Gazi Mazharul Anwar. Illustration: TBS
Gazi Mazharul Anwar. Illustration: TBS
The man was a genius. There aren’t many in our cultural climate who can claim to have composed more than 21,000 songs. Gazi Mazharul Anwar was different, made of deeper and stronger things. Ever since he started writing lyrics in the early 1960s, 1964 to be precise, he knew that was what he had to do. Along the way, he wrote screen stories and branched out into filmmaking, which was again a hallmark of his versatility.
The death of Gazi Mazharul Anwar at the age of seventy-nine takes away from us an individual whose life was based on pure art. Today, fifty-one years after the liberation of Bangladesh, it would be entirely fair to suggest that even if he had refrained from composing songs after his national success Joi Bangla Banglar Joigift to a nation in revolutionary turmoil in March 1971 and continuing the torturous course of the war of liberation, he will forever be celebrated for the lyrics that form the substance of the song.
It’s a song that has achieved immortality, for all the right reasons. But then all the other songs, or a lot of them — patriotic and romantic — that flowed from him only added to the richness that emanated from his poetic spirit. In ekbar jete de na amar chhotto shonar gayen, patriotism marries perfectly with the pastoral. And then there is ektara tui desher kotha bol re ebar bol, which evokes in the listener images of the heritage which has regularly formed the basis of the history of this country. Anwar’s lyrics, sung by the voice of Shannaz Rahmatullah, have unequivocally enriched the national musical repertoire.
Those of us whose musical education began by listening to songs on the radio in the 1960s will certainly never lose the sense of magic that filled our lives when the duo of Bashir Ahmed and Anjuman Ara Begum akaasher haate acche ek rash neel / batasher ache kicchu gondho floated through our consciousness, gently instilling in us the charm of love wrapped in the sweet feel of romance. Add to this the demand placed on social order, in the inspiring voice of Syed Abul Hadi in achhen amar moktar achhen amar avocado. But wait. What seems to be a call to society soon passes a higher stage, that of spirituality, for it is the individual who seeks union with his Creator. Anwar’s use of phrases, enhanced by rich imagery, makes inroads into the listener’s heart.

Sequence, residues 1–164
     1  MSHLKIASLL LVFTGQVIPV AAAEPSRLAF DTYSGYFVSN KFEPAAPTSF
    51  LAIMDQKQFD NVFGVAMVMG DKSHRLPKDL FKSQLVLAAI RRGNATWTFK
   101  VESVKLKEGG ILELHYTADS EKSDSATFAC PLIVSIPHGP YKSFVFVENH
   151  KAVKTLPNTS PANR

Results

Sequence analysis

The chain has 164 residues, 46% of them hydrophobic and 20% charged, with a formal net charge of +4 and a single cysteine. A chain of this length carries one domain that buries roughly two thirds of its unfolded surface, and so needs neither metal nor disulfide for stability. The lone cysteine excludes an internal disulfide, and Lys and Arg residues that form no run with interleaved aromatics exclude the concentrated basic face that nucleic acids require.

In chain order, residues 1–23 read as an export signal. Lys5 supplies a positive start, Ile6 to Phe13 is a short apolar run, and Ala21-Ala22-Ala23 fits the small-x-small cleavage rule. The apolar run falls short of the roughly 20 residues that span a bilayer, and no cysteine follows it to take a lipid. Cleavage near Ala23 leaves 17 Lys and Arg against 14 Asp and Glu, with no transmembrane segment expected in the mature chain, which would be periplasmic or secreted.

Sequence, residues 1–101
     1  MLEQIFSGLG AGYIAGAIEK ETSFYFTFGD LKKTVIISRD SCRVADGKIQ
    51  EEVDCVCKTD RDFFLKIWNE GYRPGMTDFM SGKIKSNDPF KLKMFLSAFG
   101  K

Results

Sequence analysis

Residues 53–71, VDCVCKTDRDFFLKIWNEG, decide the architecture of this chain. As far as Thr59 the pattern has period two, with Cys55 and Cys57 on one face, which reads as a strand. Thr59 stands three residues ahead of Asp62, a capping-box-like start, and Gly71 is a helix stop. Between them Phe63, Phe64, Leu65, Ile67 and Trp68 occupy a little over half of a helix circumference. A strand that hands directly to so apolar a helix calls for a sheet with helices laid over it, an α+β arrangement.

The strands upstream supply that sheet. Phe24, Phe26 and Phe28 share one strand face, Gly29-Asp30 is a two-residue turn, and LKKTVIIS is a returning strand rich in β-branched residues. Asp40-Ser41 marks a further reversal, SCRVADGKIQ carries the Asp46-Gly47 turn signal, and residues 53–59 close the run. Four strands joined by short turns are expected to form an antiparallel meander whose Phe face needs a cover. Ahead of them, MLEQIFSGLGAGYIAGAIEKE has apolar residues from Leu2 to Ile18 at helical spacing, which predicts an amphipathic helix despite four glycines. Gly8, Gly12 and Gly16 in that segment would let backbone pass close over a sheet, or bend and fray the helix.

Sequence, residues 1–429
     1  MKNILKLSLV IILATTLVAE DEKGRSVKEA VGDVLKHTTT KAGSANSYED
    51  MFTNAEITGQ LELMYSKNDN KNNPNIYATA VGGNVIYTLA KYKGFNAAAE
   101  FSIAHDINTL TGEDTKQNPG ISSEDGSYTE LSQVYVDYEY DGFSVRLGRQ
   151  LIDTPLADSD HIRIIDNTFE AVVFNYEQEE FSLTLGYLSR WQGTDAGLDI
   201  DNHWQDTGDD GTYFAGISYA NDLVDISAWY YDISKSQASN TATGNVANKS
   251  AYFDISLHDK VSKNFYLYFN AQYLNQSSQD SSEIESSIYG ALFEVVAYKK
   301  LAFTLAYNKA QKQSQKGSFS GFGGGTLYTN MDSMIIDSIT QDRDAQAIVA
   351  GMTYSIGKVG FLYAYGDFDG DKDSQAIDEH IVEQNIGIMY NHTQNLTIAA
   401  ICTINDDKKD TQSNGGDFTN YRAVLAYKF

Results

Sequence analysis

With the disappearance of Gazi Mazharul Anwar, a whole world of melodies in its higher forms, sung by the renowned singers of the nation, is pushing the door into the spaces of our collective memory. We recall the song bujhechhi moner boney rong legechhe in Farida Yasmeen’s rendition, certainly among the pioneers of Bengali music in the 1960s. Move on to the immensely popular—he still gives a powerful cadence to the soul— gaaneri khatae shorolipi likhe, sung separately by two of Bangladesh’s renowned artists, Runa Laila and Mahmudunnabi. Love, pain and pathos underpin the song, informing listeners that the romance shaped in an era soon passes beyond that era to instill love, the hurt of separation, in every generation of lovers of the melody.
Sabina Yasmeen, whose presence is etched in the country’s musical canvas, lifted the voice of Anwar ei my tomake dilam to pitches that beckon the heart to leap up to it and feel the essence of the song, getting lost in its deep recesses. A young woman in the depth of love shines, in all her emotions, in the lyrics. Anwar informs her audience that in this song comes the singer’s willingness to sacrifice the soul even as she prepares, in growing passion, for union with her lover.
The songs, or their memories, come back as we bid farewell to Gazi Mazharul Anwar. Who will ever forget Shahnaz number shagorer teer theke / mishti kichhu haowa ene? Or that of Hasina Mumtaz tondrahara noyono amar / ei madhobi rate? Or that of Sabina Yasmeen aami rojonigondha phuler moto / gondho biliye jai? The list goes on, for in Anwar shone an elongating landscape of some of the best in music that the Bengals have inherited.
That Anwar has been a powerful presence on the national musical canvas comes from the countless artists who have turned his lyrics into an everlasting melody. They owe him, in their various ways, a debt of intense gratitude for the heights they have been able to reach by lending their voice to his songs. And this omnipresence of national awards bestowed on him over a life of unrelenting creativity is a humble tribute to him by the nation.
In the passing of Gazi Mazharul Anwar, the nation lost the shepherd playing the flute in the golden glow of the sun at the end of a busy day. And yet, the inescapable truth is that the music created in this multidimensional flute work promises to endure.
The poet follows the path of all flesh. Poetry, adorned with the brilliance of melody, endures. As we say goodbye to him fondly, we return to Mahmudunnabi’s number, borho eka eka laage / tumi paashe nei boley / nishi jaaga koto kotha / mone eshe shuur tule.
(Gazi Mazharul Anwar, born on February 22, 1943, closed his eyes to life on September 4, 2022)